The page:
Since guinea pigs are herbivores and they eat a plant-based diet that has a lot of fiber in it, the food doesn’t get entirely digested at once. So to rip all the nutrients out of the food, they need to ingest the food again. I hope the next time you see that you will not feel gross again!

Is it normal for a guinea pig to eat its poop?

Yes, it is entirely natural for guinea pigs to eat their caecal poop. Guinea pigs need to eat their caecal poop to get essential Vitamins from it.

Also, it is commonly seen that if one of your guinea pigs is ill, then they will look for caecal poop of the healthy guinea pigs to eat it.

Studies claim that eating the poop of healthy guinea pigs helps them in recovering rapidly.

Do all guinea pigs eat their poop?

Yes, In general, all guinea pigs will eat their Caelcal poop. In fact, it could be a problem if they are not eating it. As they can suffer from serious health diseases and malnutrition. Some of the common benefits of eating their caecal poop are:

Provides essential nutrients: Caecal poop is rich in Vitamin K and Vitamin B complex. It also contains some protein and other nutrients which are vital for guinea pigs. When they reprocess it, their body absorbs all the nutrients quite well, which keeps your guinea pigs healthy.

Improves digestive health: Caecal poop is also rich in fiber, which is essential for guinea pigs. Consuming caecal poop aids in digestion and bowel movement as it contains a lot more fiber in it.

How often do guinea pigs eat poop?

Guinea pigs will eat their poop very often. As guinea pigs have a quick digestive cycle(metabolism), they will often produce caecal poop. And you will see them gulp it down as soon as it comes out.

So, if you ever notice your guinea pigs chewing something after cleaning their rear, then you can guess already what they might be eating on.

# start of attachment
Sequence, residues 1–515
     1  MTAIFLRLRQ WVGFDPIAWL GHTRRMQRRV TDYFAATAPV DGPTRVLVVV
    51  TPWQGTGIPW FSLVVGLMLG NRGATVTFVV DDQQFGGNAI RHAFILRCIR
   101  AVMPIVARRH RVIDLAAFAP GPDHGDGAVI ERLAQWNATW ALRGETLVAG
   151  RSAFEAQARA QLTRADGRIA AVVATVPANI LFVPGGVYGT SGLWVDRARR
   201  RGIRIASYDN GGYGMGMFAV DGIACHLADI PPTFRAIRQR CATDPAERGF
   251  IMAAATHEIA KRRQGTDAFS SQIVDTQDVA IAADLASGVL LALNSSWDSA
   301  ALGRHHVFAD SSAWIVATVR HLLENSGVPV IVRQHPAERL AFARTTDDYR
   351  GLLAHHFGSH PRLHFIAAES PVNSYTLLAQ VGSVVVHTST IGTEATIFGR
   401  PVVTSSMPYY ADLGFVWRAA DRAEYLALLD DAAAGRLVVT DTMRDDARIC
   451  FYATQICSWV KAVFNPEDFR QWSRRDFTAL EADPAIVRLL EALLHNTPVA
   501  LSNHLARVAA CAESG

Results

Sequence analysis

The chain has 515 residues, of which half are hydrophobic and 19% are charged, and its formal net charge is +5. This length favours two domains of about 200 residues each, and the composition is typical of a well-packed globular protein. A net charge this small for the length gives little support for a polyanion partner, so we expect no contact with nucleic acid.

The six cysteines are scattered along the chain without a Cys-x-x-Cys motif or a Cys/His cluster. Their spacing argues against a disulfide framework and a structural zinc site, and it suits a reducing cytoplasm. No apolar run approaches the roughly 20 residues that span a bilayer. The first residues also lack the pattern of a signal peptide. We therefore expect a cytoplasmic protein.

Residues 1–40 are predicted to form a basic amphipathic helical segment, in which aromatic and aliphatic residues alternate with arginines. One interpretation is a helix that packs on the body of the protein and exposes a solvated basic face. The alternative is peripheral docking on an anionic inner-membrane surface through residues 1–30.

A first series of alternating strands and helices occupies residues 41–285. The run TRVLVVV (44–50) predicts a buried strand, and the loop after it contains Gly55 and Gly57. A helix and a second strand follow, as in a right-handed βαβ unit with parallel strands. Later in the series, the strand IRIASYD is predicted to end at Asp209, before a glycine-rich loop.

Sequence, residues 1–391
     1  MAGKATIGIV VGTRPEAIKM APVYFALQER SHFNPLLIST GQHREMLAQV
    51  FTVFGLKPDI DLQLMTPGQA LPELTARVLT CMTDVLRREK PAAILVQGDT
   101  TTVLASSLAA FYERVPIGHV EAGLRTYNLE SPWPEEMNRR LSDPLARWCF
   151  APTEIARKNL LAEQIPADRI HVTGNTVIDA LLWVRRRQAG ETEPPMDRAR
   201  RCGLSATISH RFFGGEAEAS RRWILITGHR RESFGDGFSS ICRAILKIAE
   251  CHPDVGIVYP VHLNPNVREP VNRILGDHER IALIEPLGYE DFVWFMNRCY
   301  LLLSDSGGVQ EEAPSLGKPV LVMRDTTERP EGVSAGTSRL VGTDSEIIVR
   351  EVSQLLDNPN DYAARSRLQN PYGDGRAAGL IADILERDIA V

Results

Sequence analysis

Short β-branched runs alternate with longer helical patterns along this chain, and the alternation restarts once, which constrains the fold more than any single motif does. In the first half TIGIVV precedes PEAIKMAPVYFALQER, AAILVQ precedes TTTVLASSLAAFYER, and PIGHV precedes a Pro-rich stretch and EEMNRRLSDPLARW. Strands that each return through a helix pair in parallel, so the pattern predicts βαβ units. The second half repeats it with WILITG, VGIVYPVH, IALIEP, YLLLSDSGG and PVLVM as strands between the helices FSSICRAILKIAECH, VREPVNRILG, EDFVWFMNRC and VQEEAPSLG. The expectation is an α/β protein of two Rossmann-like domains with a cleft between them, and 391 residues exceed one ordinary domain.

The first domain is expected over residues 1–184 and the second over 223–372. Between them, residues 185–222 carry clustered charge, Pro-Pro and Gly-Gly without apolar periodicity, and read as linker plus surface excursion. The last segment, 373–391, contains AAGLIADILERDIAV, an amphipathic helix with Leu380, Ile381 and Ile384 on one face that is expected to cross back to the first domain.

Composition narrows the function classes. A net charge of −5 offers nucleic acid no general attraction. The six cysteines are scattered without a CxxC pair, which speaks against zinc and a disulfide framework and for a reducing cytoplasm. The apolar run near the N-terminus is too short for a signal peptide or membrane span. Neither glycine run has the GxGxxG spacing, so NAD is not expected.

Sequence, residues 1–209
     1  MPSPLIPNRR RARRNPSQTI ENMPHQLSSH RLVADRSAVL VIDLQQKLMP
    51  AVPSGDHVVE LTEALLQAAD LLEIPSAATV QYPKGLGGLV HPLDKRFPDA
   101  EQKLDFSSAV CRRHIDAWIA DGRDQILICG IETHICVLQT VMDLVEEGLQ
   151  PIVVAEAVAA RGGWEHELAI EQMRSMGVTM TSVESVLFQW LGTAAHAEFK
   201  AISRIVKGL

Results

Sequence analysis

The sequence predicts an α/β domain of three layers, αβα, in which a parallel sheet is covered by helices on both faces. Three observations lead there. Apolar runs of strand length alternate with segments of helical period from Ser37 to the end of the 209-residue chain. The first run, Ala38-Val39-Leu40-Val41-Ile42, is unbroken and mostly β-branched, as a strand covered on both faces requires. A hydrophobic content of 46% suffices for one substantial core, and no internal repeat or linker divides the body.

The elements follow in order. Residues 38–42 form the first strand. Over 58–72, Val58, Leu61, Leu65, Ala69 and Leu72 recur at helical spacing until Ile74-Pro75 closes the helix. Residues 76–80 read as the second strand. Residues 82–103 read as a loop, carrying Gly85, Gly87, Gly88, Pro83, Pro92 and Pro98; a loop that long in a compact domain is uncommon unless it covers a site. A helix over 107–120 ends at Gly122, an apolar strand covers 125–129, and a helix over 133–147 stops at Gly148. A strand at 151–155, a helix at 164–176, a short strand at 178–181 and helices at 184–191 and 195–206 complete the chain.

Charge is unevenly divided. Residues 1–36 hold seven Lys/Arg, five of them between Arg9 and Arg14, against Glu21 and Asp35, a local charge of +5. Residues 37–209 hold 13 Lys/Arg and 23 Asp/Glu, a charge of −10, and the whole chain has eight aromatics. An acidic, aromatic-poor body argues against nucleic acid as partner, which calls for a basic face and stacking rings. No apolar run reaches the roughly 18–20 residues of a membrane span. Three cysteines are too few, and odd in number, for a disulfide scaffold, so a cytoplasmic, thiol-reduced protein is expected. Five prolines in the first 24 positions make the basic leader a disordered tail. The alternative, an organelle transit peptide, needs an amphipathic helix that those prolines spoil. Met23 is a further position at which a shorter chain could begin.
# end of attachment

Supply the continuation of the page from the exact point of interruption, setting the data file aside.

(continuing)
What does it mean when guinea pigs don’t eat their poop?

There can be some situations when guinea pigs are unable to consume their caecal poop. Older guinea pigs often lose their muscle tone near their anal area, which can lead to impaction in them.

In such circumstances, guinea pigs are unable to excrete their poop and Cecotropes, which can be an emergency. If such a situation arises, you must rush your guinea pigs immediately to a vet.

The vet might need to manually clean and remove the excreta out. In the meantime, you must supplement your guinea pig’s diet to prevent malnutrition. Your doctor may recommend some vitamin supplements along with toasted wheat germ.


Do guinea pigs eat their poop? Yes, guinea pigs do eat their caecal poop as it contains lots of essential vitamins and minerals which they could not ingest when they first consumed the food.

Peculiar Guinea-pigs are funny #eat their own poo

So reprocessing the food often helps in absorbing all the extra vitamins and minerals from the poop. Yes, it might sound a little gross to you, but doing so is vital for your guinea pigs.

If your guinea pigs don’t consume the poop, then they may get malnourished and may even pass away. So it is an essential part of their life.

Sources: Pet coach, LiveScience, Wikipedia